I realize Juneteenth has come and gone but I keep thinking about an article I read by Robin Washington where he said Juneteenth has been whitewashed. The tale we’ve been told is Union soldiers arrived in Galveston, Texas, on June 19, 1865 to inform enslaved African Americans they were free. As if they didn’t already know. However, historian Gregory P. Downs has firsthand accounts from people demonstrating they did know. Galveston’s Blacks knew they were free and so did their slaveholders, who nonetheless kept them in bondage using brute force.
That means General Gordon Granger didn’t read off from a scroll and let slaves know they were liberated. No, Granger and his soldiers let the slaveholders know the slaves were liberated – at the barrel of a gun. They used force to say, “Let these people go.”
One of the reasons this article has stuck with me is because it illustrates what motivates people to change. So often I think we as a society want to believe that if people only knew the truth, they would change out of the goodness of their hearts. If people only knew that by purchasing products made with palm oil, such as shampoo, cookies, peanut butter, microwave dinners, and more, they are contributing to the extinction of orangutans, they’d stop. (Side note: Palm oil has many names like “stearic acid” and “sodium lauryl sulphate” so it could be hiding in your products and you wouldn’t know.) And it’s true that sometimes informing people does move them enough to change their behavior.
For instance, a friend of mine became vegan after watching a couple of documentaries. Up until that point, she didn’t put it together cows are raped and separated from their young in order to produce milk. She didn’t think about how cows, pigs, and chickens have personalities and consciousness like her dog does. She didn’t know the animals she ate screamed out in pain as they were slaughtered. But when she learned more, she changed her eating habits. However, not everyone is like my friend.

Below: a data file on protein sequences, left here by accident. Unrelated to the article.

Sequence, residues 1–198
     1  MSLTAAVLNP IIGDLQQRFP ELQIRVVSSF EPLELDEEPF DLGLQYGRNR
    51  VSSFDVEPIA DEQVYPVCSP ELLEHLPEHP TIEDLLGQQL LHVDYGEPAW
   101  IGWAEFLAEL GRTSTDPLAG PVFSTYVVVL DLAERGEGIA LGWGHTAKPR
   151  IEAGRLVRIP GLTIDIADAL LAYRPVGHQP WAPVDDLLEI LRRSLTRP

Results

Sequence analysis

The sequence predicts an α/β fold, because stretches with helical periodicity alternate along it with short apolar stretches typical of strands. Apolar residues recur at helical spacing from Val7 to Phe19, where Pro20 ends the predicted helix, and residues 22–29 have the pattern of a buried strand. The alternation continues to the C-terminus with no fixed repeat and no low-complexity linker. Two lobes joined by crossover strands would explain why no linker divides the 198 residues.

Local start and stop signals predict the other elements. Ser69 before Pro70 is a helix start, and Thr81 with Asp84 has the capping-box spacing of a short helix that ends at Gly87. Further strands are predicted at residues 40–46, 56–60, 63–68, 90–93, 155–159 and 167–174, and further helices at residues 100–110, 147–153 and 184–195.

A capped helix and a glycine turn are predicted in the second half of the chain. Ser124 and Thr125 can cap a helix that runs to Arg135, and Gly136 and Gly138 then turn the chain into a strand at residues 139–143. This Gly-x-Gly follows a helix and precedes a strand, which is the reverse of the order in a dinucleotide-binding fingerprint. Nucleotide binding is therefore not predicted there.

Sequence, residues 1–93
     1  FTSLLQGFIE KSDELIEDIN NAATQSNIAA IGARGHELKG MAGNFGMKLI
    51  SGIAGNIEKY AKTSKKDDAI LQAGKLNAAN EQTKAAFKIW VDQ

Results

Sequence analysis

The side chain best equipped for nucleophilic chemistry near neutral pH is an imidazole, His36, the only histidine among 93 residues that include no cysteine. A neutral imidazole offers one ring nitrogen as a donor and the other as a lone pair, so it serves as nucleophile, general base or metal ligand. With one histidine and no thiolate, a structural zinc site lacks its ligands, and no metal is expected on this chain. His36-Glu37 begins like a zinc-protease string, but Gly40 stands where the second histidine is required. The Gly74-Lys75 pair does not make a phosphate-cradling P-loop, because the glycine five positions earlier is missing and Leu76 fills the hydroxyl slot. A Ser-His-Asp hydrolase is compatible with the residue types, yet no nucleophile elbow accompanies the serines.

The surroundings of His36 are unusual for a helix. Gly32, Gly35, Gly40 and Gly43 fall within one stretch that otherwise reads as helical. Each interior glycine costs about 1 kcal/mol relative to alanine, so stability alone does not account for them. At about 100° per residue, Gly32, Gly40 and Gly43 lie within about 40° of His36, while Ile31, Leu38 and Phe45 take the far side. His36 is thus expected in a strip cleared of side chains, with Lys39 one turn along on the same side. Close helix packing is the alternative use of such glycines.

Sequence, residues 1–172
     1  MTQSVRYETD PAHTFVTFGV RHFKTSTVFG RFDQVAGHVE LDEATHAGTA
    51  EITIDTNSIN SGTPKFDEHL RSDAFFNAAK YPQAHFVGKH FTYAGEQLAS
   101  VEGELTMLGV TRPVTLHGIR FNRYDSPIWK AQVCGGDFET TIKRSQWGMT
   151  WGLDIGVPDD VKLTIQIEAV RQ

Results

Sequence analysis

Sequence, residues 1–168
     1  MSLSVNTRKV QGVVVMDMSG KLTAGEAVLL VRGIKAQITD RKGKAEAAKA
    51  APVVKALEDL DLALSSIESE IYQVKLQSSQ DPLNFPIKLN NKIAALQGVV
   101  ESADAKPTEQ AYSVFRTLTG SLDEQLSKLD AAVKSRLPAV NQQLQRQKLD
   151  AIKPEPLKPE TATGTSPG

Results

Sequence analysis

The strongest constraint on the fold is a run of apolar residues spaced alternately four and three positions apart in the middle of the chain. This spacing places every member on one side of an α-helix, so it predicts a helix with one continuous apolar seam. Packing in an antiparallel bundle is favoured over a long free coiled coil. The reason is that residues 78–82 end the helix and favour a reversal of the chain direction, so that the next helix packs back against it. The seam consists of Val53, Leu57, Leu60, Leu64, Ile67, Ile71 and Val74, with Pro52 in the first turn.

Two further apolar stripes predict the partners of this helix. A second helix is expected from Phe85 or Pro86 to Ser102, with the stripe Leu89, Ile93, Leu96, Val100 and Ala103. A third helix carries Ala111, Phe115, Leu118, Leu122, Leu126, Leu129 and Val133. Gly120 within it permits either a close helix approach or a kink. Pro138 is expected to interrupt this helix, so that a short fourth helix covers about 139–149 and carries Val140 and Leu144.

Some people know the truth and are still unwilling to change because it’s too hard, too complicated, too whatever. Some people, like the Civil War era Galveston slaveholders, will maintain the status quo until someone else forces them to change.
I think that’s why my spiritual teacher is not a pacifist. He says, “In all actions of life whether small or big, the unit mind progresses by winning over the opposing trends. Life develops through the medium of force.” Later on, he says, “In the absence of the ability to resist evil and also in the absence of an effort to acquire such ability, declaring oneself to be nonviolent with the purpose of not admitting all these weaknesses before the opponent may serve a political end, but it will not protect the sanctity of righteousness.”
My spiritual teacher cares about protecting the sanctity of righteousness, about making life better for everyone, and so do I. Does that happen sometimes through petitions, boycotts, and protests? Yes, absolutely. But sometimes that also happens at the barrel of a gun and I think it’s important for us to recognize that. I’m not encouraging everyone to go out and buy a gun, rather I’m saying force has its place in the world, if it’s used wisely and used for the benefit of all.
I dream of a world where we understand what motivates people to change. A world where we recognize sometimes learning the truth is not enough. A world where we realize force has its place in society and sometimes it’s necessary to employ force in order to create a world we wish to see.
Another world is not only possible, it’s probable.